Two of the thorniest issues in business today are where data resides and who owns it. There tend to be a lot of fiefdoms that think data related to a particular business unit is their exclusive domain. That leads to conflicting information that can hamper making the best decisions for the business as a whole.
And then there vendors with a vested interest in making it difficult to separate data from the application in which it was created. By making it difficult to separate the data from the application, they create disincentives for replacing their application. This allows them to, for instance, raise maintenance fees for software because they know that the cost of switching applications is fairly substantial. And the business is going to have the same basic problem, just with a different vendor.
In addition, some business-unit leaders keep data in certain applications under lock and key because theirs was the internal organization that funded deployment of those applications. And whoever controls the most relevant data is often king, no matter who holds the CEO or CFO title.
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But two trends at work should eventually conspire to free corporate data from the applications where it resides. The first is virtualization, which essentially is teaching everyone in the enterprise to share the same IT infrastructure. While application owners tend to resist virtualization, the economics of shared IT infrastructure are too compelling to ignore.
But once you start sharing servers, before long your organization is sharing virtual storage as well. And once that happens, companies soon discover how much simpler it is to share data across multiple applications that have access to the same storage. That simple idea, for example, is driving the development of the Virtual Storage Platform from Hitachi Data Systems. Regardless of the application or storage interface, the data is unified under a common storage architecture.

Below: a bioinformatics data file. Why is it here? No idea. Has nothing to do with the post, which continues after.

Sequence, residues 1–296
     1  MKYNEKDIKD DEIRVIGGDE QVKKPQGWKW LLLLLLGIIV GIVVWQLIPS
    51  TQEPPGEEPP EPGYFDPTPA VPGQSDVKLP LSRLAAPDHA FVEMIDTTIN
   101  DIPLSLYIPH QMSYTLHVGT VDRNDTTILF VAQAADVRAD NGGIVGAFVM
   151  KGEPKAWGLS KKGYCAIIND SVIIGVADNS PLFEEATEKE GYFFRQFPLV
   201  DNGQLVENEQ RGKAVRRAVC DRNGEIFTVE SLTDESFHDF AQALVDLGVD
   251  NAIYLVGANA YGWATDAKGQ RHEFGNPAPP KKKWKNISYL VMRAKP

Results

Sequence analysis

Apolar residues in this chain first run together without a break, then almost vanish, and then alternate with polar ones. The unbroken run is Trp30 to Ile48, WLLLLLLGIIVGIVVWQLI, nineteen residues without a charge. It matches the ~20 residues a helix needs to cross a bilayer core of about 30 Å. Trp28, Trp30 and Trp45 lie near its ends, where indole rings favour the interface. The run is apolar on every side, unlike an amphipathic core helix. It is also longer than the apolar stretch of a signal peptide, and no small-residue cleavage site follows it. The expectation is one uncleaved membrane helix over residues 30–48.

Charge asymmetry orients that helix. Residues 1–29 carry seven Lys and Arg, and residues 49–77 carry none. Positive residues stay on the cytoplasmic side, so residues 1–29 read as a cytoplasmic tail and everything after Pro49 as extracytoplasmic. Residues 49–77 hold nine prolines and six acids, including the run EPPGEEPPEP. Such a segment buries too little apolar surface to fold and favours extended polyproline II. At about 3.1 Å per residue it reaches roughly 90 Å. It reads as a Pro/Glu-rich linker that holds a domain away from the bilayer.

That has a lot of implications for applications. If the data can be accessed by any application, then the cost of switching applications drops dramatically. And the application owner's power is dramatically reduced because the core data is accessible to any application in the enterprise.
In effect, the drive to retire old IT infrastructure and create unified storage architectures is setting the stage for a profound change in the way we use applications and manage data. Beyond making data more accessible, this revolution also will have a profound impact on corporate politics. If everybody has access to the same data, then the only real king is the CEO and board of directors. And application vendors that try to hold companies hostage by controlling their data will be rendered powerless.
Miklos Sandorfi, chief strategy officer for file and content services at Hitachi, says it will take five years or more for all this to play out. But companies that start freeing their data from their original applications not only will be more competitive, but will be better places to work with substantially less infighting over control of corporate data.
Let's just hope this plays out faster than Sandorfi expects.